So what have I been doing since I last wrote a blog post? Well, researching and writing of course! Actually, I thought as I’m about to start Year Two of my PhD I’d give you – the people who are making this whole adventure possible – a progress report on where I am up to with the research process.
Research Progress – Parks:
When I began the research process, the existence of the medieval park, particularly in North Wales was considered to be an ‘import’. That is to say that the examples identified were created during the late thirteenth or early fourteenth century by incoming Lords. These lords, and their new Lordships, which King Edward I created in large areas of North East Wales were shown to have ‘new’ parks in them by the documentary evidence for their creation. The general consensus among historians was that Welsh royalty had hunted where they wished, and that there had been no requirement for management and regulation of hunting,hunter and hunted.
The last study of the quantity and distribution of medieval parks in Wales had been published in 1983 as part of a national gazetteer of England, and although useful as a starting point it did not contain any distribution maps of the parks identified. In north Wales eight parks were identified, whilst for Shropshire (within my defined study are of the north west of the county) there were ten. The current total I have is forty eight, an increase of thirty parks.
Some of these parks were identified in a 1994 study by Shropshire County Council, whilst others had been recorded in documentary sources not utilised in the 1983 study. An important part of my research is to attempt to identify,from an archaeological perspective, the physical location of these parks on the ground and produce a distribution map which can be used by future researchers to refine my work further.
Research Progress – Gardens:
The historical understanding of high-status medieval gardens has, until fairly recently, been a subject which historians have primarily been the most prolific in understanding and interpreting. Garden archaeology, as a discipline in its own right has benefited greatly from the application of non-intrusive techniques, such as Geophysical Survey and LiDAR, where both the surface of the ground, and the buried features beneath can be interpreted without the need for excavation. Whilst not a perfect science, it does provide an important extra dimension to the research process.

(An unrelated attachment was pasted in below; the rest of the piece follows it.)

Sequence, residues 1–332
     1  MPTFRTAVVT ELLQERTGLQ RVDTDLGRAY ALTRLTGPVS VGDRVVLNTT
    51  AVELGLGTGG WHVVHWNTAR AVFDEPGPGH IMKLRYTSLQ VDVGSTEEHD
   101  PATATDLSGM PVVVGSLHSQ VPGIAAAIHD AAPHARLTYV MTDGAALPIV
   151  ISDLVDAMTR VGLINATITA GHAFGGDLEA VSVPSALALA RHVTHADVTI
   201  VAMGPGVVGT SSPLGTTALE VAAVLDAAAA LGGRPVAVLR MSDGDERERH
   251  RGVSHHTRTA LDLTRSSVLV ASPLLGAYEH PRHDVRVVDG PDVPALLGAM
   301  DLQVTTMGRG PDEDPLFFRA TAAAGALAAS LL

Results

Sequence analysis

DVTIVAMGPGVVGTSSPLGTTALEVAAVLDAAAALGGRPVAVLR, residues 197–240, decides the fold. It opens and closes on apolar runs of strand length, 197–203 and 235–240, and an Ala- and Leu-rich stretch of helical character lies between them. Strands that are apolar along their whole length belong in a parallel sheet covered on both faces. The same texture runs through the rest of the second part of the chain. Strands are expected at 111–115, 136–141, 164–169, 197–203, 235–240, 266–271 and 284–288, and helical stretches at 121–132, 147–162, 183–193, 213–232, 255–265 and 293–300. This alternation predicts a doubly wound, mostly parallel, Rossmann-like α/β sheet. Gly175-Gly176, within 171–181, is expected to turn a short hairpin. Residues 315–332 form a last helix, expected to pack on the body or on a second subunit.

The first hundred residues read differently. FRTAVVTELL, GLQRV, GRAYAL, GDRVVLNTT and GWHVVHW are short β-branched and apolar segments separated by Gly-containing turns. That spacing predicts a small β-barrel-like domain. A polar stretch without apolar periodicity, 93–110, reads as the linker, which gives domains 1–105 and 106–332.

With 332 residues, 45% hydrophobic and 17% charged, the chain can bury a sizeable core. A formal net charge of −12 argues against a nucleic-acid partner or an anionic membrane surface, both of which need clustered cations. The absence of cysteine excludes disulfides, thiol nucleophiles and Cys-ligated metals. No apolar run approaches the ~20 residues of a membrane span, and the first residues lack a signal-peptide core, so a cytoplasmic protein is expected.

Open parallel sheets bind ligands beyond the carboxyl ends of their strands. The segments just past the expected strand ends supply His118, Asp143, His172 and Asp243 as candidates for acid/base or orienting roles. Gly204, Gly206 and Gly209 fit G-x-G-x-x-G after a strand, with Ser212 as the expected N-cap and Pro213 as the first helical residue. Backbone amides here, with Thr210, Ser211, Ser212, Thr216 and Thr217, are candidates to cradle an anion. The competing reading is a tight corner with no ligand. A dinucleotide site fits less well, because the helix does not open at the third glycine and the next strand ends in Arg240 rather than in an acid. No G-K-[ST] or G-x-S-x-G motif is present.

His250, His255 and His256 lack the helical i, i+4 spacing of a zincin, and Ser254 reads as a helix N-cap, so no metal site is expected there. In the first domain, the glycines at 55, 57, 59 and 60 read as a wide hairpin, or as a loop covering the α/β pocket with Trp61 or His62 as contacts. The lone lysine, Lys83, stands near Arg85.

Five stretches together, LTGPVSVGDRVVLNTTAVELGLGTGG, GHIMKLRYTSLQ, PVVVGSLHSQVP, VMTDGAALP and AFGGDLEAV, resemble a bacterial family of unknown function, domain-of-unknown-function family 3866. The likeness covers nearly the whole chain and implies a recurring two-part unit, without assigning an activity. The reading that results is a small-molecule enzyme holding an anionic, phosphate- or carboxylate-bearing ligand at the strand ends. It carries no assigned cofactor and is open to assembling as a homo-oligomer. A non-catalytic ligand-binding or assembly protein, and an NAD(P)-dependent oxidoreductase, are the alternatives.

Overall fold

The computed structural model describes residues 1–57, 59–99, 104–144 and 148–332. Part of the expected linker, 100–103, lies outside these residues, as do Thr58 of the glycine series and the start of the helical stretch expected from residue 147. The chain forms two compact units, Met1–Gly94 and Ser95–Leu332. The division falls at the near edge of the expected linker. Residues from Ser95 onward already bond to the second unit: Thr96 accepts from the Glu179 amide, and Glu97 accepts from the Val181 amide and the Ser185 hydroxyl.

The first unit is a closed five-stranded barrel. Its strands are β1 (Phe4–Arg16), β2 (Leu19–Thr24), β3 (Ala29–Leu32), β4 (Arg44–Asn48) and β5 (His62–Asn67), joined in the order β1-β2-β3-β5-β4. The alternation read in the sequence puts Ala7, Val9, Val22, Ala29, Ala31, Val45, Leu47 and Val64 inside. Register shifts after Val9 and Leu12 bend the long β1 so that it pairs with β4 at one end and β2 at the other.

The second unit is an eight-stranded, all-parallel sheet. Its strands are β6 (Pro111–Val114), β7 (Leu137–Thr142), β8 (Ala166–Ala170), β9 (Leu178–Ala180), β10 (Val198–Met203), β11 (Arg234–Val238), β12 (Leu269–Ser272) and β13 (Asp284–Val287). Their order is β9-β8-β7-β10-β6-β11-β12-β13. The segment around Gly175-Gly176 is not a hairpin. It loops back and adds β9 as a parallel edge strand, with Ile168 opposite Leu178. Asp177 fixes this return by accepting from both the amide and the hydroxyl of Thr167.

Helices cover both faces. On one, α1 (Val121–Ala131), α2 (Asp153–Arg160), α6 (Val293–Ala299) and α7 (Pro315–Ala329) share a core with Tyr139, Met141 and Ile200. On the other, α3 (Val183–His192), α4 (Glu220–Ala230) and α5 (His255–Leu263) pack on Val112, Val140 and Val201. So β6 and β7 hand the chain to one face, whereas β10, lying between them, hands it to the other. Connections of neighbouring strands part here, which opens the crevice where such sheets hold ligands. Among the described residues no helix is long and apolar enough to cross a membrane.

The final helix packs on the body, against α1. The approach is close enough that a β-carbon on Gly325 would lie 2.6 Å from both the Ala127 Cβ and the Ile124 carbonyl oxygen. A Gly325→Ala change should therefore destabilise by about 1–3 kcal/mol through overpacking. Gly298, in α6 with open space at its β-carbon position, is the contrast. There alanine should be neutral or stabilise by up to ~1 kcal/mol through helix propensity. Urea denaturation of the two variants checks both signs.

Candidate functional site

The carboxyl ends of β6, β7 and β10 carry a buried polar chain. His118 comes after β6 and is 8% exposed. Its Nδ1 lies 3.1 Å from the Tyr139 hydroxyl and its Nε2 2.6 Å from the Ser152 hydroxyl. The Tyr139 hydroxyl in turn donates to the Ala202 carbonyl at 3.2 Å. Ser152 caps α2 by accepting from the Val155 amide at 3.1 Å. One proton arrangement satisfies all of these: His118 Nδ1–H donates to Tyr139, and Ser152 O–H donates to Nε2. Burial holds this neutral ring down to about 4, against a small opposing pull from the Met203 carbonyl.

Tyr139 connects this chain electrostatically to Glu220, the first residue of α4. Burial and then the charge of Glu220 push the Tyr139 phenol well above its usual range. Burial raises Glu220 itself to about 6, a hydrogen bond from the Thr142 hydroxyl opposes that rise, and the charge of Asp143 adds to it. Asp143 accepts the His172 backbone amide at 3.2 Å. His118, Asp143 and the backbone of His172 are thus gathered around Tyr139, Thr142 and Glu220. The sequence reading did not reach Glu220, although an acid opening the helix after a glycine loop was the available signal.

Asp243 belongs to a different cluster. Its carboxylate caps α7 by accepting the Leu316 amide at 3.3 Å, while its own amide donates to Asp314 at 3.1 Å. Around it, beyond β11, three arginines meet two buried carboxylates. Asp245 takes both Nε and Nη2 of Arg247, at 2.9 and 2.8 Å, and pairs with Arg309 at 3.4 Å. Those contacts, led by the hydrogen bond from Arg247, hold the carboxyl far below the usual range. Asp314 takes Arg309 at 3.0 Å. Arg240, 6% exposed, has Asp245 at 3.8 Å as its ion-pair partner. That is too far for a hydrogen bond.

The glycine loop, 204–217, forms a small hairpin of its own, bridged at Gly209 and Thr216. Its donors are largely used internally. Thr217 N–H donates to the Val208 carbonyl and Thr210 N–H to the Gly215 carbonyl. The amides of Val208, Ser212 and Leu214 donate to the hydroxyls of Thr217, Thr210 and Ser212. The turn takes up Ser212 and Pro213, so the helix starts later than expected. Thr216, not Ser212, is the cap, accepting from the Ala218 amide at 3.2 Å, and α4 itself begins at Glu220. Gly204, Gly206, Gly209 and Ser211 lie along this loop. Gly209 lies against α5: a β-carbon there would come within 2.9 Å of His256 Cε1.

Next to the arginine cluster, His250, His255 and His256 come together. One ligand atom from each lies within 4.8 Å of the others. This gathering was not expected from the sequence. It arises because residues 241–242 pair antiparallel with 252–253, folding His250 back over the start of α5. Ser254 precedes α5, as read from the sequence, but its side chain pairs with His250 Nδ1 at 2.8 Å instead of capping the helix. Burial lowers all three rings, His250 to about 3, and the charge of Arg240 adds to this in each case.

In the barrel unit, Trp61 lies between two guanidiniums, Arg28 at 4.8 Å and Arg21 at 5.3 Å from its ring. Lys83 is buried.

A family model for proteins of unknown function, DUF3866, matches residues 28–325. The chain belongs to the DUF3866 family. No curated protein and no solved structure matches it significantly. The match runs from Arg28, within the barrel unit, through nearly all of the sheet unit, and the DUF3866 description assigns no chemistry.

The definitive text, entitled ‘Mediaeval Gardens’, was published in 1981. Since then there has been no subsequent attempt to produce a successor to this volume, and from my own point of view I have been concentrating on collating evidence, rather than working on its interpretation. However, during this process I have managed to identify the location of the royal garden of Caernarfon Castle, and also understand how it was the most sophisticated in design of all the Edwardian castle gardens, with water playing a very important role in its design.
Research Progress – Designed Landscapes: Without doubt, the most important accomplishment this year has been the submission of an article to the journal ‘Archaeology in Wales’ on the medieval designed landscape around Dolbadarn Castle in north-west Wales. To have my paper accepted, containing revolutionary ideas about the way the castle functioned is something I am incredibly proud of, and as soon as it is published, I will be putting the paper on my blog.
Finally – a note about the crowd funding page at http://www.gofundme.com/medievalgardensandparks
It has had 2,400 shares since it was set up and raised £1000 towards my course fees. I can’t thank all of you enough, and if you think someone else would enjoy reading what I do, please share it with them.